Joint 118th Annual Cordilleran/72nd Annual Rocky Mountain Section Meeting - 2022

Paper No. 27-4
Presentation Time: 2:30 PM


BENNETT, Scott1, DARIN, Michael2, MILLER, David M.3, DORSEY, Rebecca J.4, MAVOR, Skyler5, NURIEL, Perach6, THOMPSON, Lisa7, OSKIN, Michael E.8, BEARD, L. Sue9, CYR, Andrew10, BRICKEY Sr., Timothy11 and UMHOEFER, Paul J.11, (1)Geology, Minerals, Energy, and Geophysics Science Center, U.S. Geological Survey, 2130 S.W. Fifth Avenue, Portland, OR 97201, (2)Nevada Bureau of Mines & Geology, University of Nevada, Reno, 1664 N. Virginia St, MS 0178, Reno, NV 89557-0178, (3)Geology, Minerals, Energy, & Geophysics Science Center, U.S. Geological Survey, 345 Middlefield Road, Menlo Park, CA 94025, (4)Department of Earth Sciences, University of Oregon, Eugene, OR 97403, (5)Geosciences, Colorado State University, 400 University Ave., Fort Collins, CO 80523-0001; U.S. Geological Survey, 2255 N Gemini Dr. 86001, Flagstaff, AZ 86001, (6)The Geological Survey of Israel Geochemistry, 32 Yeshayahu Leibowitz St., Jerusalem, 9692100, ISRAEL; Oregon State University, Corvallis, OR 97331, (7)Arizona Geological Survey, 1955 East 6th Street, P.O. Box 210184, Tucson, AZ 85721, (8)Earth and Planetary Sciences, University of California, Davis, Davis, CA 95616, (9)U.S. Geological Survey, 2255 N. Gemini Drive, Flagstaff, AZ 86001, (10)U.S. Geological Survey, Geology, Minerals, Energy and Geophysics Science Center, PO Box 158, 350 N. Akron Road, Moffett Field, CA 94035, (11)School of Earth and Sustainability, Northern Arizona University, Flagstaff, AZ 86011

The eastern California shear zone (ECSZ) is a significant component of the distributed Pacific-North America plate boundary. However, the true width, longevity, and total displacement of this shear zone is largely underappreciated. Here we summarize and reconstruct published fault slip data that characterize the full extent, lifespan, and evolution of the ECSZ. GPS data, seismicity, and neotectonic studies define the active ECSZ as a ~100 km-wide, NW-trending belt of active faults and rotating blocks that accommodates ~25% of dextral plate boundary shear. Geologic mapping indicates >50-75 km of total dextral displacement across this zone. However, post-middle Miocene NW-directed dextral shear also occurred on structures both west and east of the active ECSZ, including the El Mirage fault, Stateline fault, and distributed faults in SE CA and SW AZ. Our animated tectonic reconstruction highlights how an additional 45-60 km of post-middle Miocene dextral shear occurred across a ~100 km-wide, NW-trending belt that obliquely intersects the lower Colorado River between Lake Mead and Yuma, AZ, entirely inboard (east) of the active ECSZ.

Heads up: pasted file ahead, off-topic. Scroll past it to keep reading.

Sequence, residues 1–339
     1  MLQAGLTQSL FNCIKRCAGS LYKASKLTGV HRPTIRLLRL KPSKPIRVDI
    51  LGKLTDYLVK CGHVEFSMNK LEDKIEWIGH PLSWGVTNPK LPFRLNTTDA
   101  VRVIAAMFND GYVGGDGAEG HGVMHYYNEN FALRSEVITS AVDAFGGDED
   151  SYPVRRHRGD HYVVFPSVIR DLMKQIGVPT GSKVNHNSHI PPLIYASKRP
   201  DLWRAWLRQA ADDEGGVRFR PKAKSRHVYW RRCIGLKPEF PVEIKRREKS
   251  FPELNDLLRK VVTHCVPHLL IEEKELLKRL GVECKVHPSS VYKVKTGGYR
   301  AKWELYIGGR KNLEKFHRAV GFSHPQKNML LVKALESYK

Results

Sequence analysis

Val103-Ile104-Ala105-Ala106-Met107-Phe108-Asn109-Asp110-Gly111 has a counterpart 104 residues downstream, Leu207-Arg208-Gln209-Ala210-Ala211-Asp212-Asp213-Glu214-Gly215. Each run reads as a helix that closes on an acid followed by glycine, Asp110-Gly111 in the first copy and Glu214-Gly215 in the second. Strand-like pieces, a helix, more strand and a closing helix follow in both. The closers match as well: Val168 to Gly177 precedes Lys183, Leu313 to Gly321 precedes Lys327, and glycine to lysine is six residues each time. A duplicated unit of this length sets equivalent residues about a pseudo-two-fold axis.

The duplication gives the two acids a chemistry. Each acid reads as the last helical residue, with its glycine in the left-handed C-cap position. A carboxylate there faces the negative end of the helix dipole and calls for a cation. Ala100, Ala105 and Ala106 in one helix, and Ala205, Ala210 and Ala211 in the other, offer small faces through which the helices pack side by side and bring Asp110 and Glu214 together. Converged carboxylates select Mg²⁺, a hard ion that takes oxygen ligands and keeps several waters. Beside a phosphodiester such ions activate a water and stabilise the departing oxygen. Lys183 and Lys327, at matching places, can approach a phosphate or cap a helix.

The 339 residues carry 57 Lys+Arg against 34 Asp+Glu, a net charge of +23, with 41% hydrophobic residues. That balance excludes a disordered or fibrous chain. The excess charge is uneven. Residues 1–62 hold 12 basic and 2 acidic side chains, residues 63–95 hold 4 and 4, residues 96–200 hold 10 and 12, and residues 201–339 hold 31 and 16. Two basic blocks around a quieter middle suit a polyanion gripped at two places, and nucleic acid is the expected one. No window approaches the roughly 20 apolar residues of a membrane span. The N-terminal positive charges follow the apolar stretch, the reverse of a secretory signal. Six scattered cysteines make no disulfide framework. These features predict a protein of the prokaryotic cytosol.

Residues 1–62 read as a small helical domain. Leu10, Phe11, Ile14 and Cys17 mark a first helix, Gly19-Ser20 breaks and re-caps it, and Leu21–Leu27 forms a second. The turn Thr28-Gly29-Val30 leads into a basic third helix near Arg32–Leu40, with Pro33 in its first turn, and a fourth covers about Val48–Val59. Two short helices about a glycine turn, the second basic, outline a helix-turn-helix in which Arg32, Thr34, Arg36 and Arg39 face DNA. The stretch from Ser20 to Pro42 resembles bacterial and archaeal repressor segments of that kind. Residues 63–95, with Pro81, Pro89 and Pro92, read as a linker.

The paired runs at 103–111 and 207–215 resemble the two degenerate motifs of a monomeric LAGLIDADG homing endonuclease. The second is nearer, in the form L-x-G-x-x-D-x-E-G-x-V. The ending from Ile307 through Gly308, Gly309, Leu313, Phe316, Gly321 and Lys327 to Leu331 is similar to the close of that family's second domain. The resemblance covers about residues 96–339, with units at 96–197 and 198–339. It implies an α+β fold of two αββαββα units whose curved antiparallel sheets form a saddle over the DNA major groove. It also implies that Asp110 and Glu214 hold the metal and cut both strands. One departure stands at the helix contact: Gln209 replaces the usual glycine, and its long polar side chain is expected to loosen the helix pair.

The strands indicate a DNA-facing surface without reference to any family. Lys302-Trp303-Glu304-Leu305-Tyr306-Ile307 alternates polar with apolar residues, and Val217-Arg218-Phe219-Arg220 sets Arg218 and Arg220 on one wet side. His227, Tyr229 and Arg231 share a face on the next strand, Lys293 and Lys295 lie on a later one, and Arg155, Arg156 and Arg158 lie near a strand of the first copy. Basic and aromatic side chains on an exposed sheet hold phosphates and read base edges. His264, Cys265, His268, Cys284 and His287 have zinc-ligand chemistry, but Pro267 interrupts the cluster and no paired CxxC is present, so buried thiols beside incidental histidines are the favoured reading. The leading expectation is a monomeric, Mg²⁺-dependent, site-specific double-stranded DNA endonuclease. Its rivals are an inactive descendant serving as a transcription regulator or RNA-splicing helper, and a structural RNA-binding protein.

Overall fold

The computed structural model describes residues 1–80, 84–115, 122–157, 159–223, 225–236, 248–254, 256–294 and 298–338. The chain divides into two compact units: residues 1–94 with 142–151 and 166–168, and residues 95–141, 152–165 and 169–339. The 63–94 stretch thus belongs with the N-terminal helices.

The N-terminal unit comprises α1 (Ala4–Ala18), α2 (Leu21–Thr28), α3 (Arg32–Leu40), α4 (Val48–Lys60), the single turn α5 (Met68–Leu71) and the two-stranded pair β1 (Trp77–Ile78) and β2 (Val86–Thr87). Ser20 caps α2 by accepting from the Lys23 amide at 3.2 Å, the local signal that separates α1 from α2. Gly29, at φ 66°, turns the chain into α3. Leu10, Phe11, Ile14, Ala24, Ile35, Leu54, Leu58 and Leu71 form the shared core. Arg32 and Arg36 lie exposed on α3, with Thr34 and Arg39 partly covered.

Recent U-Pb dating of fault-zone opal in the active western ECSZ, U-Pb dating of fault-zone calcite in the mostly inactive eastern ECSZ, and stratigraphic studies in the southern Blythe basin all show that faults related to NW-directed shear were active across a broader ECSZ during late Miocene time. This suggests that distributed dextral plate boundary strain has localized into a narrower zone through time, now mostly focused into the western half of the ECSZ. This contrasts with a model that relates inactivity of strike-slip faults in the east to a conveyor belt that moves brittle faults eastward and out from above a fixed-width ductile shear zone.

Although the active ECSZ is a ~100 km-wide zone of active deformation, the real ECSZ initiated in late Miocene time (ca. 10 Ma) and was originally a >200 km-wide zone of distributed deformation from the San Andreas Fault to the CA-NV border and southwestern AZ. Late Miocene development of the ECSZ occurred in unison with that of the Walker Lane to the north and Gulf of California shear zone to the south, forming a >2,000 km-long, kinematically-linked belt of distributed dextral shear related to the evolving Pacific-North America plate boundary.